Despite the rather challenging circumstances of the COVID-19 pandemic, the CMS GEM (Gas Electron Multiplier) team has been working against all odds to complete the installation of the very first GEM station (GE1/1) in CMS. With the completion of one side of the detector (negative endcap) in October 2019, we are now happy to report the completion of the other side (positive endcap) as well. This is an important milestone for the full CMS collaboration, as it represents the first completely installed Phase II detector upgrade, and introduces a brand-new detector technology, the GEMs, to complement the Muon system.
To prepare for the increased collision energy and luminosity at the LHC in Run 3 and High Lumi LHC (HL-LHC), the installation of large-area GEM detectors in the forward muon region was planned following an extensive R&D program. Since 2009, triple-GEM chambers have been developed as the optimal solution for three detector stations within the CMS endcap. GEM detectors can operate in the high-rate environments of the forward muon region, very close to the beam pipe, providing precise muon tracking. Here, muons emerge at an angle of around 10° relative to the beam axis, and the addition of GEM detectors allows us to exploit the measurement of the muon bending angle. In addition, by adding GEM detectors in front of the existing CSCs (Cathode Strip Chambers), we increase the path length within the first muon station. These new benefits allow us to greatly improve muon momentum resolution, reducing misidentified muons, while maintaining excellent trigger efficiency.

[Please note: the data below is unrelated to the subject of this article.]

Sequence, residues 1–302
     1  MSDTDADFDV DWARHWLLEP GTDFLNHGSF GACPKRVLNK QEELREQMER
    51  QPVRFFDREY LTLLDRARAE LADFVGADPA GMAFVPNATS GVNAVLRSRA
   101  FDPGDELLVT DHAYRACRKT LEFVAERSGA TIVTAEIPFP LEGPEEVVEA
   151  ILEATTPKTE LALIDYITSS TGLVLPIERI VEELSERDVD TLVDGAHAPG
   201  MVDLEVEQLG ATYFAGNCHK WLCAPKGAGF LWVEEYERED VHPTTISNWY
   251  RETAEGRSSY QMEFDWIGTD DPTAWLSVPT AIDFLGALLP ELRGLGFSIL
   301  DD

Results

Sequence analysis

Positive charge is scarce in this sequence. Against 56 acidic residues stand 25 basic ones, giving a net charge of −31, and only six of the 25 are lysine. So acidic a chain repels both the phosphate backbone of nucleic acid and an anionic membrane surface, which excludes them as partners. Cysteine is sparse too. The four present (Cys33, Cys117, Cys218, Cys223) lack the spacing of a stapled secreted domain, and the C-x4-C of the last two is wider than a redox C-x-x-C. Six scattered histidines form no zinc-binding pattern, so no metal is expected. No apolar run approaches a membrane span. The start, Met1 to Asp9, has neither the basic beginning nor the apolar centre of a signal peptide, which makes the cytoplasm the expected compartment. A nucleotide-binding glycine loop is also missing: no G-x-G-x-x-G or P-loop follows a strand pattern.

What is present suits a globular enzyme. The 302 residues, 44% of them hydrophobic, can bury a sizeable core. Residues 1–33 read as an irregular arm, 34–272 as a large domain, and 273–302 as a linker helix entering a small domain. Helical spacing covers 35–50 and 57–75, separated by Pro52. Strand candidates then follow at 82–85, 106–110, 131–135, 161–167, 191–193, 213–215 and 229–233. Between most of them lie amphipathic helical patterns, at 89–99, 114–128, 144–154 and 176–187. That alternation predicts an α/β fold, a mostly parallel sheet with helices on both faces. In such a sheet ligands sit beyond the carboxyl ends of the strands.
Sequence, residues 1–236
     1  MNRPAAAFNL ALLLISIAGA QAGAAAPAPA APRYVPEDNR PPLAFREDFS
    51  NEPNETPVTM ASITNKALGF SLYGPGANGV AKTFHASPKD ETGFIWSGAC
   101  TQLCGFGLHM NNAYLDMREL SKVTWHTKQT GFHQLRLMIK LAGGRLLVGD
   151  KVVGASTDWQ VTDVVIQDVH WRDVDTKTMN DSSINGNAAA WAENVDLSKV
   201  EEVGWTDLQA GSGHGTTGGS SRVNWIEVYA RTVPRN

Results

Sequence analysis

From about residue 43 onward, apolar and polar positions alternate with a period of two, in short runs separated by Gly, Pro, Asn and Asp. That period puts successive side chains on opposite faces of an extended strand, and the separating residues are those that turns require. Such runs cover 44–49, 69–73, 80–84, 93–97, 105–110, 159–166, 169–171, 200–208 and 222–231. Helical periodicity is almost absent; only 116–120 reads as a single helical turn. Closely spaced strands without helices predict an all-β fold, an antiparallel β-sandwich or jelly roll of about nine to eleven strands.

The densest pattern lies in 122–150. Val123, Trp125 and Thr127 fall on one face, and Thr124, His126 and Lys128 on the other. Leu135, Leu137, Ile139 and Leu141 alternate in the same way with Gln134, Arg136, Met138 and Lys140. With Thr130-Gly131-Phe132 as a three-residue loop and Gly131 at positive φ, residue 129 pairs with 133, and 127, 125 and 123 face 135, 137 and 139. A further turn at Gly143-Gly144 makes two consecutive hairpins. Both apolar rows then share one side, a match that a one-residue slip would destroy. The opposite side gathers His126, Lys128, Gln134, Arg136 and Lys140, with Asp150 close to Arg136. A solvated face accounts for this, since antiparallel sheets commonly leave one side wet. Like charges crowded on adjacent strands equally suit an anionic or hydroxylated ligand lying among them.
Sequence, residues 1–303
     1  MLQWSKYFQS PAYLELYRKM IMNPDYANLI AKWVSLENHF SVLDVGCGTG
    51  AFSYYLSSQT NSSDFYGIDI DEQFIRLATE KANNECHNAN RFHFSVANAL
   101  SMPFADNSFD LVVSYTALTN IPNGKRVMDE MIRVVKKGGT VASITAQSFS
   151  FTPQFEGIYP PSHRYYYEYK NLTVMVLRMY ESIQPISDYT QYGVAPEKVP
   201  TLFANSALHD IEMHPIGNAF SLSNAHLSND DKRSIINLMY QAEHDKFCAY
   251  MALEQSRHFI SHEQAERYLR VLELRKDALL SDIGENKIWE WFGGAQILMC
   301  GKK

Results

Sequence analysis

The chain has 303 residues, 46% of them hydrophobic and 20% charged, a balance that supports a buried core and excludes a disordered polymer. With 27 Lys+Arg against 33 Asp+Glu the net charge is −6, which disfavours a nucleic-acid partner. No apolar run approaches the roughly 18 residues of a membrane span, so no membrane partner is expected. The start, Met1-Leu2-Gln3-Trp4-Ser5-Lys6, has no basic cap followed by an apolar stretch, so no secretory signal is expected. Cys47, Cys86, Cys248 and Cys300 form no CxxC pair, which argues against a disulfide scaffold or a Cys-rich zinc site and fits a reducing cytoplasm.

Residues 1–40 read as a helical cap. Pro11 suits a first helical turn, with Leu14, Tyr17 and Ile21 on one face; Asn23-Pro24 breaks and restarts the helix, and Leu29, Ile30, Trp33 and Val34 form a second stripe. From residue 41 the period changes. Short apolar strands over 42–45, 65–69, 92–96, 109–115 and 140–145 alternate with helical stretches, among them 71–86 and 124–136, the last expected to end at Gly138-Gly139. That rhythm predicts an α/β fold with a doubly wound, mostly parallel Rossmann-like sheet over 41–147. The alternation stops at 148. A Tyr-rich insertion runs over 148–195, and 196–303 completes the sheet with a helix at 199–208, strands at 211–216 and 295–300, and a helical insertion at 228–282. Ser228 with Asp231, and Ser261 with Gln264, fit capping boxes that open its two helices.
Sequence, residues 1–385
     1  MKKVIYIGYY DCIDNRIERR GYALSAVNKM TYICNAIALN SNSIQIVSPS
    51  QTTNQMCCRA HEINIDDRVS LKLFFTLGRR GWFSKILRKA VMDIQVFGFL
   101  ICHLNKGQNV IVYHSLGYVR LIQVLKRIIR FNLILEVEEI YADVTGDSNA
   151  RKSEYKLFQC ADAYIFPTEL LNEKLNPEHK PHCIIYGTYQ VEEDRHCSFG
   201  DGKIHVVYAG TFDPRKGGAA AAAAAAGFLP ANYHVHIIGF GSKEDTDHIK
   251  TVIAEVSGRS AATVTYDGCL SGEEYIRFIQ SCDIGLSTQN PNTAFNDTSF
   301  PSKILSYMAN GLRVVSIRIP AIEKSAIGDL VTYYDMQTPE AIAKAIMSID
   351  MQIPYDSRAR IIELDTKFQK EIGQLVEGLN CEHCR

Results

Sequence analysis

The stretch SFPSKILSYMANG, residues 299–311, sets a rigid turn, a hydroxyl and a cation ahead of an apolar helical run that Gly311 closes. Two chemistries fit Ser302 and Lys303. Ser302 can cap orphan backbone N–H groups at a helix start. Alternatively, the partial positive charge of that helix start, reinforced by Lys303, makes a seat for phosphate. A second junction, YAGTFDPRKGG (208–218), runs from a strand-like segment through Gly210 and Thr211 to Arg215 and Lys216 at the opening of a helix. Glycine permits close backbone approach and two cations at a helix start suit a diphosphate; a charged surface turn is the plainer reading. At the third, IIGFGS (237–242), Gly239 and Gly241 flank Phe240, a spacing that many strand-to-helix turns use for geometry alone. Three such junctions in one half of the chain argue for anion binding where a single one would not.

With installation complete, the next step is to fully commission the GEMs of both endcaps; for this, several steps are needed. The installed detectors will have to once again go through rigorous tests of the operating characteristics which had been previously certified at the lab prior to installation. Thus, any possible damage that might have occurred during transportation and installation can be immediately spotted and repaired as needed. The detectors’ basic parameters - namely stable voltages on the foils with an environment friendly operational gas mixture of Argon and Carbon Dioxide (Ar:CO2 70:30), low background noise, measured connectivity, and operational characteristics of the on-detector electronics - will be set to optimal settings. We will then proceed towards data taking under safe conditions with cosmic rays, first standalone and then working in tandem with all of CMS. For this to happen we have to ensure that the data acquisition (DAQ) software is fully operational and links with the CSCs are fully debugged. In short, a lot of work is in front of us, but the CMS GEM team is very much up to the task.